As excited as fans may be about prospect goalie Ilya Samsonov’s first season in North America, it was Pheonix Copley who entered the preseason as the No. 2 goalie behind Braden Holtby.
After a strong performance in the Capitals’ first preseason game on Sunday in which he turned aside 21 of the 22 shots he faced, Copley is doing his best to cement himself as the Capitals’ backup for the upcoming season.
“He knows the challenge that's in front of him and I thought he was real solid [in Sunday’s game],” head coach Todd Reirden said to reporters Monday.
“A number of big saves early on. We were a little bit slow to get going in the game, so we needed him. We needed him in the beginning of the game. He was there for us and I thought he really sent the message in game one that he's prepared for that opportunity."
Copley, 26, has only two games of NHL experience in his career. He does not generate the same buzz as a player like Samsonov who is believed to be the team’s starter in net. Add in a rough season for Copley in Hershey in 2017-18 and it has led many to believe there is an open competition for the backup goalie this season.
The reality is, however, that this has always been Copley’s job to lose.
As he tries to make the transition from the KHL to the North American game, getting Samsonov as much playing time as possible in the AHL will be better for his development than sitting him on the bench behind Holtby.
While Copley prepares for the NHL, Holtby will have to adjust as well to having a backup not quite as established as Philipp Grubauer to rely on. The relationship between Holtby and Copley, however, is already a strong one and Holtby is excited for the opportunity this preseason brings for his new backup.
“It’s his first chance to get a few good starts in, and my job's just to be there to support him, make sure we can work through things together,” Holtby told reporters on the first day of camp. “I can learn things from him, he can learn things from me and vice-versa.”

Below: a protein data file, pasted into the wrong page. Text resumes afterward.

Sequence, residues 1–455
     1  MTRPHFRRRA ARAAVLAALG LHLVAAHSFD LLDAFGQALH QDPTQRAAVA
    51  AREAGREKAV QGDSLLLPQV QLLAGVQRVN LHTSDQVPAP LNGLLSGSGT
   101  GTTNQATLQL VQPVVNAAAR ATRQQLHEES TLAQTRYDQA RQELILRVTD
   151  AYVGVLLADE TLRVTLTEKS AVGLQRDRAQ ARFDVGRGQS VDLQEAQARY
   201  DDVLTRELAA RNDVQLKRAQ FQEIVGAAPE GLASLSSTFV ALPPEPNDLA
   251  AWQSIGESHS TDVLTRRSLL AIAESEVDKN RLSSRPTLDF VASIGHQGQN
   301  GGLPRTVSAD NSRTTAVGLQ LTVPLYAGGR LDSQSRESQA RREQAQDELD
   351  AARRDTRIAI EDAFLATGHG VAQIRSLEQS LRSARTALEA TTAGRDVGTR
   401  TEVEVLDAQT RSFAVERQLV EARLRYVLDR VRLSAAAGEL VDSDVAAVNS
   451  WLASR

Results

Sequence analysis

Regardless of how Copley plays in the preseason, however, there is risk involved with pinning such an inexperienced goalie as the team’s backup. Until he gets a few starts at the NHL level playing against NHL competition, we ultimately do not know how good he will be. Until that question is answered, we also do not know how much he will play.
Grubauer played in 35 games last season as Holtby struggled. Regardless of how good the Caps may feel about Copley as the backup, it seems safe to assume the team is not expecting Copley to see quite that much action this season. If they believed he would need to, the team likely would have considered other options.
Holtby, for his part, said he is ready to take on a larger load again as the starter.
“Hopefully I play a few more games or something like that would be nice,” he said, “But whatever it is, we're just trying to make sure that our goalie department is as good as we can be from top to bottom."
Holtby seemed to benefit from the extra rest as he elevated his game in the postseason, but he disputes that. Instead, he said it was the heavy workload of the postseason that helped him settle in.
“I'm not a guy that likes time off,” he said. “Through the playoffs was the best I've felt because I was playing every day. That's just the way I like to do it. I find it easier when I'm playing. I find it really difficult when I'm not. That's just the way I work."
With no Grubauer backing him up and Samsonov still developing, Holtby is likely to get his wish of more games.
But while Copley was a major question mark for the Caps heading into the season, Sunday’s game could go a long way towards assuaging those fears and justifying the confidence the team has put in him to be their No. 2 this season.
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